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The personal is political

Only two ways one grows up here — you either harbour resentment towards everything or learn to take the good with the bad

The personal is political

When Hina Rabbani Khar visited my university to give a lecture on foreign policy she began with introducing us to the concept of the Chinese curse. “May you live in interesting times,” the Chinese say. I didn’t bother listening to much else of the wholesome lecture she’d given us, because this piece of information alone was enough to leave me feeling a little, um, personally attacked. You see, I grew up in ‘interesting times,’ and I don’t think it was an entirely rotten experience — the Chinese need not categorise everything into spooky curses.

Growing up in a country as vividly unbelievable as my dear homeland can mean different things to different people. For the extremely rich it probably doesn’t mean anything, and for the extremely poor it probably means everything. For middle class folks like myself, the entire experience can be summed up in the way we go grocery shopping: always checking the price tag before buying the imported goods we love, always preferring Rossmoor over Hershey’s — even if sometimes we can afford the latter.

To me specifically, I would say it is to grow up with an unerring sense of bewilderment — and to ultimately lose yourself to the process of unlearning more than learning. It is also finding ways to accept the perpetual feeling of unhinged-ness that being born in a politically unstable country brings along, which is no easy task — believe me I’ve tried, so I know what I am saying.

Most of my childhood, or at least the part which really matters, was spent in Lahore. I used to go to school in the Musharraf era, at a time when the war on terror was still restricted to the Pakistan-Afghanistan border, the Canal road still heavily tree-lined, basant still very much a non-life-threatening festival in vogue and schools still metal detector free.

All of it would slowly change in the coming years, but in the meantime, life was okay. Good enough for a nine-year-old to buy ice-creams with 5 rupees and safely play street cricket with her neighbourhood friends, at the very least. Then came along 2007, and most of these earlier treats I mentioned began to change. I like to describe it as the year which introduced me to a world beyond my school gates — even beyond the confines of Lahore.

Politically, 2007 was significant because it was the year Benazir Bhutto returned, and subsequently killed. It was also the year of the Lal Masjid Operation and when the Lawyer’s Movement quickened pace — all events which would forever change the political landscape of the nation. On a personal level it was significant because it made me shift my attention from the cartoon network to other channels on my cable network; primarily the news channels my parents were glued to in those times.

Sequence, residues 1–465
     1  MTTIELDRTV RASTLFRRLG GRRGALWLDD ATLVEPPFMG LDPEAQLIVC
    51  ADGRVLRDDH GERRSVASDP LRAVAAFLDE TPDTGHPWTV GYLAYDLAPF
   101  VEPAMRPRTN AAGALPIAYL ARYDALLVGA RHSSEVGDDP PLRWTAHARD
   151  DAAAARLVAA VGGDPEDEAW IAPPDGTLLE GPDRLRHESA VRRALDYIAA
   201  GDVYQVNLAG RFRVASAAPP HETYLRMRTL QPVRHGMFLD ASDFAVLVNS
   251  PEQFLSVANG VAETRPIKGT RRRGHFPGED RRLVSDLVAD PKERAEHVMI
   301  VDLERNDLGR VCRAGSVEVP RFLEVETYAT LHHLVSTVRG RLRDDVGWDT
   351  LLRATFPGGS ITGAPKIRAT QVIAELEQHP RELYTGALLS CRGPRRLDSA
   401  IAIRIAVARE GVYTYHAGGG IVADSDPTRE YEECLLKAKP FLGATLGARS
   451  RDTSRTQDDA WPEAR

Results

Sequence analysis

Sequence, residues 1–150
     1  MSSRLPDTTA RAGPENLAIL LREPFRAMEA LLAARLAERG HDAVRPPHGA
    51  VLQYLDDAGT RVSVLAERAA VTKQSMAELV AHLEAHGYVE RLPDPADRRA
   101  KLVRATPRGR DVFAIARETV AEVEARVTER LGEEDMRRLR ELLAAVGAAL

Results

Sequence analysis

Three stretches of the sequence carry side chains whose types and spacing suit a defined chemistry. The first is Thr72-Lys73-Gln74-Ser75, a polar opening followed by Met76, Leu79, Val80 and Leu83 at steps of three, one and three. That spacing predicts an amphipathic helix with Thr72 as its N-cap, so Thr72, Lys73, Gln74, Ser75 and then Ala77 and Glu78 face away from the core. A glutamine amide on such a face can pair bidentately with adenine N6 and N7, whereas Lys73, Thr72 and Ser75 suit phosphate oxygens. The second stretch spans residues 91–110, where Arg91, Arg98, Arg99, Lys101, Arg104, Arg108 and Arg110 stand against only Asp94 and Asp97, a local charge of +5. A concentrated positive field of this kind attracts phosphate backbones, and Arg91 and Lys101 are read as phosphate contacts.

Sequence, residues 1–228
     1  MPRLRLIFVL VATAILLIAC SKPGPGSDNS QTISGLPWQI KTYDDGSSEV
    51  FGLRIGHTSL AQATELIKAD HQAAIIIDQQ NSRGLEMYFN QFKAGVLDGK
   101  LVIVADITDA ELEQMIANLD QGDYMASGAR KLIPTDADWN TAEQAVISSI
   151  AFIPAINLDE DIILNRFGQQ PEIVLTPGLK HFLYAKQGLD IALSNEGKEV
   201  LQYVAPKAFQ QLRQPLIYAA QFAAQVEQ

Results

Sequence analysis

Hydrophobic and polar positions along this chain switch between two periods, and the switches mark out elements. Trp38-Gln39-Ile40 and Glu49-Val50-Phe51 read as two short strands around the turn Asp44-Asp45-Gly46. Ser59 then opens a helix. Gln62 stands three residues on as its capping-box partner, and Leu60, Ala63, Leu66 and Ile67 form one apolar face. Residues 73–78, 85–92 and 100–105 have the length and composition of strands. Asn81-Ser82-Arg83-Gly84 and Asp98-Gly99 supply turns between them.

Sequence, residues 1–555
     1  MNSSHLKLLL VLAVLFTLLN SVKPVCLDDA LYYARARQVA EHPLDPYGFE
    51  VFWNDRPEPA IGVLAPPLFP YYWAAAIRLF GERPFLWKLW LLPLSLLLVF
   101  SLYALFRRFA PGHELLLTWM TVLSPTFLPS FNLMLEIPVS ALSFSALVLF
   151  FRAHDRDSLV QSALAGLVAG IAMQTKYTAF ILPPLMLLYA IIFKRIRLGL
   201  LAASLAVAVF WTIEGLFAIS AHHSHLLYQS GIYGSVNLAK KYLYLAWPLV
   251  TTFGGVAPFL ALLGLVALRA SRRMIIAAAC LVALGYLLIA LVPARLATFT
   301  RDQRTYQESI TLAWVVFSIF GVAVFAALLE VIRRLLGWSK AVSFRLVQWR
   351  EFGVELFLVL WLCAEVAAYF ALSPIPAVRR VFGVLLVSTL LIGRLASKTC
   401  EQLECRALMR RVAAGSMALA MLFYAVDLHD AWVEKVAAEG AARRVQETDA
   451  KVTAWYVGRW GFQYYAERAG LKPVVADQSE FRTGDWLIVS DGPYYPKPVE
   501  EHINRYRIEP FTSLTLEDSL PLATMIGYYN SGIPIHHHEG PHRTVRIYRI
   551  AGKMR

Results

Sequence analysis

Growing up in a country as vividly unbelievable as my dear homeland can mean different things to different people. For the extremely rich it probably doesn’t mean anything.

Most significantly, however, 2007 taught me two very important things. Firstly, it taught me that a dictator’s televised monologue and a leader’s speech are two very different things. No matter how hard the dictator tries to convince you that his monologue is a speech, the truth of the matter is, it’s nothing more than a televised address. Not a leader’s speech. Never a leader’s speech. Secondly, it gave me my first lesson in the Irrevocable-Truths-About-Growing-Up-In-Pakistan, Beginners Addition: the personal is political, and the political always personal.

You move to many cities after 2007, and yet the rule remains the same, though varying in degrees of severity. The personal is political, and political always personal. A never-ending cycle especially designated for the disillusioned youth of this nation.

After learning about this irrevocable truth, there’re only two ways one grows up in Pakistan. You either begin harbouring resentment towards everything under the sun — God, your family, the government, the media and the society — or you learn to take the good with the bad and carry on fighting the good fight in your own little way.

Read also: Beyond the lack 

The teenage me chose the latter on a subconscious whim, but it’s 2018 now, and the choice has introduced me to other incredible folks who took the same decision while growing up.

It makes me wonder if maybe, just maybe, fighting the good fight is perhaps worth it.

 

The writer is an undergraduate student at Kinnaird College, Lahore. She tweets at @rtnvir

Rutaba Tanvir

The writer is an undergraduate student at Kinnaird College, Lahore. She tweets at @rtnvir

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